Self Image in the Age of “Please Turn On Your Cameras”


Michelle Engler

Whether it’s wearing comfy clothes, being at home, or having the ability to occasionally text your friends without a teacher knowing, there are definitely some positives to participating in school over zoom. However so, there are still some downfalls. One being the fact that we have to stare at ourselves 




It raises the question, how has virtual learning impacted teens’ self-image?

In today’s world, social media is the biggest method of communication among teens, and filters and photo editing effects have become our norm. In this age, it’s considered “brave” to post an original, natural, unedited photo. I think we all have body image issues in some way. But now, we spend our days on Zoom meetings, completely unfiltered (except for maybe a virtual background). So in a way we are all now those “brave” social media influencer’s posts, but in the middle of our English classes. Go us!

I have found myself spending classes distractedly looking at my video, rather than at my teachers or classmates. I feel awful about having to stare at what I believe are my imperfections. We focus more on how we look: our camera angle, lighting, the way we are sitting up in our bed, and how much better other students look when they are taking notes. This phenomenon causes us to see our reflections in a different way, but how can we not compare ourselves to others?  It’s like when you stare at yourself for so long, you start to look different (and by different, I mean worse). And there lies the problem. This only succeeds in increasing the negative thoughts going on in every teens’ head, just adding to the pileup of mental health struggles teens are carrying today. We have all traded in carrying our backpacks from class to class to now lugging around all of the stressors that have been thrown at us this past year. It’s important that we try not to continue to harp on our own videos, which, I’ll be honest, is difficult to do. But I’ve been trying to be better about it and actually look at the person in my class speaking. Even if I have to use the little minus sign and take the little box of myself off the computer screen completely.  

In addition, with teens being forced inside with minimal social interaction and exercise, increased body image issues are very likely. Being on a Zoom call is like sitting in front of your mirror for hours at a time, while also talking with your peers, which does not sound ideal to me. Since this set up is so new for everyone, it is hard to know how much teens are really being affected by this, but I know from my own experience, that it’s probably not the best if I keep watching myself when other people are talking because whenever life gets back to normal and I have to speak with someone in person, I won’t know what to look at.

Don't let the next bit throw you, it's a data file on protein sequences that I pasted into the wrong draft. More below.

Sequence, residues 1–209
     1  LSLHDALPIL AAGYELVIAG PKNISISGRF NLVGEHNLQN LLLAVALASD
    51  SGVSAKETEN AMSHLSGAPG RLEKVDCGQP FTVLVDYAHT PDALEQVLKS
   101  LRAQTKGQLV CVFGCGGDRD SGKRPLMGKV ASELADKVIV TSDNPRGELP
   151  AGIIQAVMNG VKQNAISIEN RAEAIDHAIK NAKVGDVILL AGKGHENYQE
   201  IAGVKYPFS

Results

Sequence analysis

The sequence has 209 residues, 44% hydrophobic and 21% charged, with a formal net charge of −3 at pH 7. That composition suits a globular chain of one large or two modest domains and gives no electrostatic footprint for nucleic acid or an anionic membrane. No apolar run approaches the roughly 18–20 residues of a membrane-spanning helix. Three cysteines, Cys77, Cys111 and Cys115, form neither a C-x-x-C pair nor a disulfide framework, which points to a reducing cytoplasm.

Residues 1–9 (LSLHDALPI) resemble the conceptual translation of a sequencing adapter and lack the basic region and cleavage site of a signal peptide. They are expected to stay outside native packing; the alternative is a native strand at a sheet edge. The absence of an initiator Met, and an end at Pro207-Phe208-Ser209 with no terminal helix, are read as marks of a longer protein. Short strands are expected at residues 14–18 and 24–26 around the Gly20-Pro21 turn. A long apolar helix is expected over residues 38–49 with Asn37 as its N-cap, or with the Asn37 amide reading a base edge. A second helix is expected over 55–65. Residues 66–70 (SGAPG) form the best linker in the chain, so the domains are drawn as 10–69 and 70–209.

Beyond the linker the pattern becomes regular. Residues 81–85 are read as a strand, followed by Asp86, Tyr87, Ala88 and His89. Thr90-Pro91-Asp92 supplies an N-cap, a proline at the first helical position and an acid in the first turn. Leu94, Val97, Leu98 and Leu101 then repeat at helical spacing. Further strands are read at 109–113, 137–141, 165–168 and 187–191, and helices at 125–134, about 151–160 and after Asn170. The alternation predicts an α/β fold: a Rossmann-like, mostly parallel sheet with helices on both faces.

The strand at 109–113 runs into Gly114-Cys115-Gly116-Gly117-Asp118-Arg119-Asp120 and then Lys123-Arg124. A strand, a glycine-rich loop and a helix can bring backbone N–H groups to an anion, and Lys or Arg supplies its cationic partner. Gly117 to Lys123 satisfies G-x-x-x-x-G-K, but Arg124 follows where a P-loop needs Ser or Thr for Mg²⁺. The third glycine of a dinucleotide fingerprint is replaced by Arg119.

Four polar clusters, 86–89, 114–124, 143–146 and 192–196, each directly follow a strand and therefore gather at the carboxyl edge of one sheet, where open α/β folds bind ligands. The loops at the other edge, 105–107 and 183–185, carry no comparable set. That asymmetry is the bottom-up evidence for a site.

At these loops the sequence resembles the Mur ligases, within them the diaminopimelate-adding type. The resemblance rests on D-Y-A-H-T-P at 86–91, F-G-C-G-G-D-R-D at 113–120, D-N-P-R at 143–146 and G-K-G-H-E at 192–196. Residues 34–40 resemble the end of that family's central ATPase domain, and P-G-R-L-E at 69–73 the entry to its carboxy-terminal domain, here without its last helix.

Something that has helped me is actually getting ready for school as if I was going out of the house. It is very easy to just throw on sweats when you’re not even leaving your room (which I do at least three days a week still, but real progress takes time). I try to get up a little earlier and take a shower and actually get dressed for once. While it is difficult to force myself to get out of bed, I always feel much more refreshed and ready for school on these days than the ones where I just roll out of bed and onto my first Zoom meeting, having to stare at the way my hair is poofed up as though I was still laying on my pillow. 

While I understand that students are more engaged when everyone has their camera on, I think it is important that students on their own screens turn off the view from their camera so we don’t keep finding newer ways to have more emotional issues in the time of zoom classes. So, I now challenge you all to click that little minus sign as I have and focus on your classes instead of worrying about your appearance.